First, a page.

Rather than acting in place of Christ during mass, the N.O Priests often tend to act instead as a children’s entertainer or a stand-up comic. There is an obvious desire among many to pander to, and entertain the lay people – even during mass.

    The atmosphere and goings-on of the N.O tends to differ starkly between parishes, but one thing you can almost always rely on is that the priest will fall back on jokes / anecdotes or larking about at some stage, as if painfully aware the substance of the N.O. – or even his own presence – is not sufficient to command people’s attention. I have seen even Bishops do this during mass.

    Priests today come across more as “everyone’s friend” / an entertainer. Their role does not seem to carry any specific dignity or authority. is it any wonder than, that so few young men desire to become priests these days? Why would they?

    I have only met a total of three “traditional” priests – 2 SSPX and 1 FSSP – and there is a very discernible difference in their presence and how they carry themselves, compared to the typical modern priest. This difference is of course fundamentally rooted in the difference between how they understand their role.

    Of course, it would be unfair to criticise all modern priests in a broad-brush fashion – but I have only ever met one who takes his role seriously enough to actually wear the clothing of the priesthood, the cassock. In contrast, I have met many who dress like the man in the street – surely this betrays a desire to hide their identity, or a view that their role is unimportant and so can be stepped in- and out of at will.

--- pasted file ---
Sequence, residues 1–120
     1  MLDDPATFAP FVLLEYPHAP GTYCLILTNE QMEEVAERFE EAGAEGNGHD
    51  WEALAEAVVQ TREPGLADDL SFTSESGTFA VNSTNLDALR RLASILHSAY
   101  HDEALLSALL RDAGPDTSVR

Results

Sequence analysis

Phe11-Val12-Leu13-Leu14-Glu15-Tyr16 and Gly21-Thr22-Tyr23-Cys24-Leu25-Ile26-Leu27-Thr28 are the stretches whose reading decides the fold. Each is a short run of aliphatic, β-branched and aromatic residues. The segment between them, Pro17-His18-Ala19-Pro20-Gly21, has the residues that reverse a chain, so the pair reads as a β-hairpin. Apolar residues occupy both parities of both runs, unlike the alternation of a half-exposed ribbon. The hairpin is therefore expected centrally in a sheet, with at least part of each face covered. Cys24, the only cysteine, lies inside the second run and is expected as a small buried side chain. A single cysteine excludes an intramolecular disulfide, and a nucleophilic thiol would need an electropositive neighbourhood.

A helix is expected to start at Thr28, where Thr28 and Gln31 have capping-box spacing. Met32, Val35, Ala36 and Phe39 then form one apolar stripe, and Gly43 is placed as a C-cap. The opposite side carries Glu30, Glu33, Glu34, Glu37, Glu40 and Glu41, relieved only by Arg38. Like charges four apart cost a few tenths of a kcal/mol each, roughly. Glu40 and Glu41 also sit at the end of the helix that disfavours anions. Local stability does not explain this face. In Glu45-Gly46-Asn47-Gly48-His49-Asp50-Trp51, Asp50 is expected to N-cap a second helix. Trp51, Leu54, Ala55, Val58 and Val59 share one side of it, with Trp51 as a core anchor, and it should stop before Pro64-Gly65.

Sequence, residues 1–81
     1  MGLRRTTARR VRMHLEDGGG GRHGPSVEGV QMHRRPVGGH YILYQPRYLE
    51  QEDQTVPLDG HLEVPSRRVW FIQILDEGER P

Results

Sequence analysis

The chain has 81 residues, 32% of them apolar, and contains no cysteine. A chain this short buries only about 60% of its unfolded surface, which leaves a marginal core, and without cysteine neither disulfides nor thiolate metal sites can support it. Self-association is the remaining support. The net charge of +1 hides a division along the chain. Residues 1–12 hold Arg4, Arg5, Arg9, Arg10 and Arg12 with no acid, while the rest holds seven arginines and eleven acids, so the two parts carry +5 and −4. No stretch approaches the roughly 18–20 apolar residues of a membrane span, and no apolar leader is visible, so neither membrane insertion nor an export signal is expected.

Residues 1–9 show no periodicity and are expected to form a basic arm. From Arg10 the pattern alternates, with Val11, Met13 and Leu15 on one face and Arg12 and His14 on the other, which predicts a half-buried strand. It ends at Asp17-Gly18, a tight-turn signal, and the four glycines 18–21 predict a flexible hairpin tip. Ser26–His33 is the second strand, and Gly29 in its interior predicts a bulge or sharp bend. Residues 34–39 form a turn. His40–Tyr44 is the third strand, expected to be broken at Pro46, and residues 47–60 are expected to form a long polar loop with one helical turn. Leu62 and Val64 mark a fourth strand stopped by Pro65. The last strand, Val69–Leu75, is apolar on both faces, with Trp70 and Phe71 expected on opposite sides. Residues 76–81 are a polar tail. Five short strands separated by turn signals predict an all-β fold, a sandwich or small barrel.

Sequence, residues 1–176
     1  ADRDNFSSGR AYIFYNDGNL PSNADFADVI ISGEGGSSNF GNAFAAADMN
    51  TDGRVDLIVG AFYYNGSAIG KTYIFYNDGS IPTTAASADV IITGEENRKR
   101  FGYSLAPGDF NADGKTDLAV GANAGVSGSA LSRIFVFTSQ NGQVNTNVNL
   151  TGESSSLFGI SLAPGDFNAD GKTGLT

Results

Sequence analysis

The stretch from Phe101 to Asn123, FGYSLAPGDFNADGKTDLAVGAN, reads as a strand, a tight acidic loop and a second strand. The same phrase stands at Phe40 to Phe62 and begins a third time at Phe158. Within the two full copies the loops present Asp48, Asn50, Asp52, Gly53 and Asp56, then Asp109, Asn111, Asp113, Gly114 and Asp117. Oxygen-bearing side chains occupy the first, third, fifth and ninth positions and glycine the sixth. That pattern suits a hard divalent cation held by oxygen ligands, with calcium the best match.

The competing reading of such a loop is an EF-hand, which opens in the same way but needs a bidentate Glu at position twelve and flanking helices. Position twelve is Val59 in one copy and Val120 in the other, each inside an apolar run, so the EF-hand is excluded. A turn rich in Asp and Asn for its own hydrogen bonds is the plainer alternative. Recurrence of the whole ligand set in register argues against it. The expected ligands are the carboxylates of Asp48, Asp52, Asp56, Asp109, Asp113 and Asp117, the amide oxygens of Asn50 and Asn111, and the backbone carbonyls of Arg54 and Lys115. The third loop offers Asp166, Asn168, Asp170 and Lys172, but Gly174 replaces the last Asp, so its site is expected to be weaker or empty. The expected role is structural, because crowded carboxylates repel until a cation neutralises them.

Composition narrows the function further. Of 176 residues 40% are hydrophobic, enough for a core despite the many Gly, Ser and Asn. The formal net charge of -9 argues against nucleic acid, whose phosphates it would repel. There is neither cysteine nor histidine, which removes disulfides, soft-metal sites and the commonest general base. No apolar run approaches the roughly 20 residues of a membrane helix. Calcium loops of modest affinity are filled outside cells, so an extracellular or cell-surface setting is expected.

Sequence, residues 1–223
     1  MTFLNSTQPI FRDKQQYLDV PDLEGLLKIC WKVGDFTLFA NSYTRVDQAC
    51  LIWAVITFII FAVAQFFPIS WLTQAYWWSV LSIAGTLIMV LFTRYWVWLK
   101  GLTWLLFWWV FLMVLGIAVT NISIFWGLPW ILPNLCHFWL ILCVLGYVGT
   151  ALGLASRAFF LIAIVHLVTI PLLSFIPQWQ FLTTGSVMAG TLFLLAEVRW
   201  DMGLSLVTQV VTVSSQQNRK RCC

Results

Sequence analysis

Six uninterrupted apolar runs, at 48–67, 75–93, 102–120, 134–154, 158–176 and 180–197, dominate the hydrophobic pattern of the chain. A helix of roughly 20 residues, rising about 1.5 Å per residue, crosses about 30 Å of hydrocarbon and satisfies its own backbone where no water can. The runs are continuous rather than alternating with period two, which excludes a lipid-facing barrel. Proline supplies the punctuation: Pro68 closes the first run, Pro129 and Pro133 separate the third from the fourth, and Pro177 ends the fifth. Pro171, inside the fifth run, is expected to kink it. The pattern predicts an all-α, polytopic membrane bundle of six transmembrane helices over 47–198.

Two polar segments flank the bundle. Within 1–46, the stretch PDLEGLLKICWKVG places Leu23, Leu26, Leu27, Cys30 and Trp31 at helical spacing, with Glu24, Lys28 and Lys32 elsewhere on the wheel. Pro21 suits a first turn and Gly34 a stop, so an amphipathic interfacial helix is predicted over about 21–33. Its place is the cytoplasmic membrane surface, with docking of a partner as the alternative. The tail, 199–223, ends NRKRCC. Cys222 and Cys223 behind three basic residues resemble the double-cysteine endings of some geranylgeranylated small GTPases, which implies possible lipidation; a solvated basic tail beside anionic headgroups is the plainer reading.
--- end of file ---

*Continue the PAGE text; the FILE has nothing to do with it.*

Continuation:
The call of God aside, I can well appreciate why a devout young man may be inspired or impressed by an SSPX priest. Equally I can understand why few men in the west are attracted to the modern priesthood. Roles and authority aside, the traditional priesthood is clearly masculine, the modern variant effete.

    Individuals aside, even the collective reputation of the modern priesthood is in tatters following abuse scandals. The priesthood is viewed by non-Catholics – and indeed by many Catholics – as dysfunctional and containing a large amount of homosexual predators. In contrast, traditional views of the Catholic priest always portrayed him as a man of authority who had given his life to perform an important role for others’ benefit. Even disparaging views still acknowledged this importance and this role, even if they did at times twist it into portraying the priest as a sinister inquisitor / commissar figure.

    I agree with +Fellay that the priesthood is a central matter with regards to the restoration. A big danger for the N.O Church is the threat of knee-jerk further protestantisation in response to the chaos that the initial protestantisation has caused. And so a “death spiral” occurs.

    For example, I have heard many N.O Catholics and even priests criticise celibacy and wish it away – it is clear that they think this is the barrier to vocations. Yet, they do not seem to realise the incoherence of this view, given the Church did very well for many centuries with celibate priests – and yet the ways/temptations of the world have always been with us. I suppose its human nature to cast around for a scapegoat, rather than to simply admit being wrong.

    I am currently reading a book “The Latin Mass explained” by Msgr George Moorman, originally published in 1920. I have learned much from it. When the book discusses the consecration, I was struck by these parts: